Lava and Ice Mingle in the South Sandwich Islands

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You probably know that Captain James Cook was the first European to encounter the Hawaiian Islands, which he named the "Sandwich Islands" after his friend and benefactor, John Montagu, the Fourth Earl of Sandwich. But did you know that several years earlier, on the other side of the world, Cook discovered another remote volcanic island chain, now called the "South Sandwich Islands"?

Lava and Ice Mingle in the South Sandwich Islands...

This satellite image shows Montagu Island, in the remote South Sandwich Islands, erupting in September 2005. A vent in the center of the island is erupting ash, which is drifting to the northeast, as well as a narrow lava flow (red) which has cut north through the island's ice cover to reach the ocean. The island is surrounded by sea ice.

(Public domain.)

After exploring and claiming land in the South Pacific for Britain during his second of three voyages, Cook set out east from the Pacific in 1775 to the South Atlantic—hugging the southern tip of South America—to locate the fabled Terra Australis, or Southern Continent. He encountered rough seas, bitterly cold weather, and dangerous icebergs. Eventually he discovered a remote chain of small, ice-covered islands with jagged peaks and calving glaciers that he named "Sandwich Land." The chain, now called the South Sandwich Islands, consists of 11 small islands, now named Zavodovski, Visokoi, Leskov, Candlemas, Vindication, Saunders, Montagu, Bristol, Cook, Thule and Bellinghausen. The largest, Montagu, is only about 7 miles wide.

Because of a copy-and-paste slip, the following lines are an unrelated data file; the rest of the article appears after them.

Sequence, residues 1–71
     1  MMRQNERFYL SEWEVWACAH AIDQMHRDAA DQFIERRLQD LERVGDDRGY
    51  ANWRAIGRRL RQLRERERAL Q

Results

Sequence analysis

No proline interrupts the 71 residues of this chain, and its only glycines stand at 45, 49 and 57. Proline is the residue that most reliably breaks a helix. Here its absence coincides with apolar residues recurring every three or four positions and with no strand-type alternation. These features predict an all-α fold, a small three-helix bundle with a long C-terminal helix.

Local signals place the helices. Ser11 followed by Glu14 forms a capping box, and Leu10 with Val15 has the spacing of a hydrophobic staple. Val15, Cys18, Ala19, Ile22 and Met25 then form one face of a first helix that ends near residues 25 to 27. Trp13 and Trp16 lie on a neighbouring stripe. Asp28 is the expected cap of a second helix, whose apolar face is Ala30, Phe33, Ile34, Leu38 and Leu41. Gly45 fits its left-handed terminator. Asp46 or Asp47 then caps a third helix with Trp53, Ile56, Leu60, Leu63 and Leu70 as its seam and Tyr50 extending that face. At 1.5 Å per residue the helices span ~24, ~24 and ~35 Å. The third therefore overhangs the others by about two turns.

Though penguins and seals thrive on the ice and rock, the islands are utterly inhospitable to people and most vegetation. The well-traveled Cook referred to the South Sandwich Islands as "the most horrible coast in the world," and wrote that the islands were "doomed by nature never once to feel the warmth of the Sun's rays." Cook and his crew returned to Britain, never to find the Southern Continent (Antarctica would be discovered some 45 years later).

These islands are hardly a tropical paradise, so what do they share with Hawai`i, the "north" Sandwich Islands? On one of the earliest visits to the South Sandwich Islands, in 1830, the captain described a "burning mountain" on Visokoi Island, which was an eruption of Mount Hodson volcano. We now know that all the islands in the chain are volcanic in origin and that 8 of the 11 exhibit ongoing volcanic activity. Though the Hawaiian Islands originate from a hot spot in the center of a crustal plate, the South Sandwich Islands are created by subduction of the South American Plate underneath the tiny Sandwich Plate.